The Mirror News

ABC Gippsland on air from Foster

• McCartins Road Turtons Creek resident Katie Glassock and her two children, Patrick Eadie, 9, and Jesinta Eadie, 7, left, and Buffalo musician Peter Snell, right, were among the South Gippsland locals interviewed by ABC Gippsland presenter Amber Irving-Guthrie
and producer Rio Davis in Foster on Thursday July 1, 2021.

THE Main Street end of Foster’s roofed laneway became a pop-up radio station on Thursday morning July 1, 2021.

The second half of ABC Gippsland’s popular weekday Breakfast program went to air from Foster between 8.30 am and 10 am via an outside broadcast kit set up on a folding table beside the laneway’s own chair and bench seating.

ABC presenter Amber Irving-Guthrie and producer Rio Davis drove into Foster soon after 7 am ready to meet the Corner Inlet district community and to pre-record a conversation or two with local people and organisations to play on another day.

Amber’s talk with Toora’s Mayday Women’s Forum representatives Sue Plowright and Rosemary Brooks, among others, was safely stored in the ether by the time the first of the show’s live-to-air subjects arrived ahead of transmission from 8.30 am.

Many of the interviews were linked by the overall theme of how the community had coped during and after the wild storm that hit South Gippsland and other places in Victoria so hard nearly a month ago.

Included in the line-up on Friday was Turtons Creek resident Robert Kreen who described how blown-over trees and landslips had blocked his road, and how grateful he was for his wood-fired stove with a wetback for hot water during the long post-storm power outage. 

Foster Chamber of Commerce and Industry president and Foster Post Office licensee Phil Rerden, and Foster North’s Llarrinda Bed and Breakfast host Linda Giddy also sat down to discuss their impressions of the storm with Amber.

Phil spoke to ABC Gippsland’s listeners on how badly several days’ worth of electrical blackout had affected local businesses, especially those selling food and who lost much if not all of their stock when refrigerators and freezers failed.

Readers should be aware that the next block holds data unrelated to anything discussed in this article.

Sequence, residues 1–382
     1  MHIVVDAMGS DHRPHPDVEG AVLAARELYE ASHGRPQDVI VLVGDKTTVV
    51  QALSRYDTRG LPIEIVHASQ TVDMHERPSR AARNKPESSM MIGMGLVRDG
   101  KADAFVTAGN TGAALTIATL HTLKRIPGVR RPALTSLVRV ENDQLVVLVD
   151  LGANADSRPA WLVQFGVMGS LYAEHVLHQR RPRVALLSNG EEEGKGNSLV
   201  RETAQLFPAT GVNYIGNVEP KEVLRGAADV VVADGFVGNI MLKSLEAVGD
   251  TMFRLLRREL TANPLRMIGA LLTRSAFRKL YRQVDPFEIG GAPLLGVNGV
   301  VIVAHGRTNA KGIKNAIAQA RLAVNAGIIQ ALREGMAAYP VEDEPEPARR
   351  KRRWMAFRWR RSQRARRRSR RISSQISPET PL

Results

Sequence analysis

Linda said the storm had brought down a lot of trees on and around their property causing havoc in their garden, and that it had been fortunate that she and her husband Larry had already decided not to have guests staying until COVID restrictions are further eased.

South Gippsland Shire Council community safety officer Luke Mulllen talked about the massive clean-up still being undertaken throughout the municipality by council staff, contractors, SES and CFA volunteers and even Australian Defence Force members.

Foster-based Butterfly Passenger Service proprietor and constant road user Kerry Hill praised South Gippsland Shire, VicRoads and local emergency services for the efficient way they had worked together to clear the roads of such a lot of trees and branches.

Foster’s Manna Gum Community House manager Bec Matthews told Amber and the radio station audience about the incredible way the district community had come together to help people without power with donations of food, hot meals, and access to showers, device charging. and a friendly and sympathetic ear.

Mirboo North truck driver and long-term CFA member Mark Bourke talked about carting donated feed to farmers affected by fire and flood in Victoria and New South Wales, and now by the storm in South Gippsland, and how it gave them a little hope as well as feeding their livestock.

Amber also chatted with Foster artist David Bell, who designed the Foster laneway, from where the Breakfast show was being sent to Sale for broadcasting, and who created the lane’s intriguing copper pipe drinking fountain serving both humans and dogs.

Next was McCartins Road Turtons Creek resident Katie Glassock and her two children, Patrick Eadie, 9, and Jesinta Eadie, 7, who together with their husband and father Allan Eadie, were staying with relatives in Melbourne and now in local caravan parks because of storm damage to their home and a major landslip almost closing their road.

Buffalo resident and musician Peter Snell performed an original song entitled Coffee, which turned out to be an entirely appropriate choice as it coincided with the delivery of free hot drinks from Skye’s Café for the ABC staff and for many of their interviewees as well as the odd stickybeak.

It was fascinating to watch a regularly-tuned-into radio program being presented live from the middle of Foster and beaming out across the region, “from Mallacoota to Warragul, Moe to Bairnsdale, you’re listening to ABC Gippsland”, as the familiar jingle goes.

Equally interesting was to see the faces belonging to the voices many locals know well, and to learn how a laptop computer, microphones, a sound mixer, a lot of preparation, quick thinking and obvious unflappability combine to make a wireless program.

The program travels from wherever the equipment is set up through the internet to the ABC at Sale for broadcast to the world from there.

Listen to the archive of ABC Gippsland’s Foster edition of the Breakfast show broadcast recorded between 8.30 am and 10 am on Thursday July 1, 2021 at https://www.abc.net.au/radio/gippsland/station-epg/

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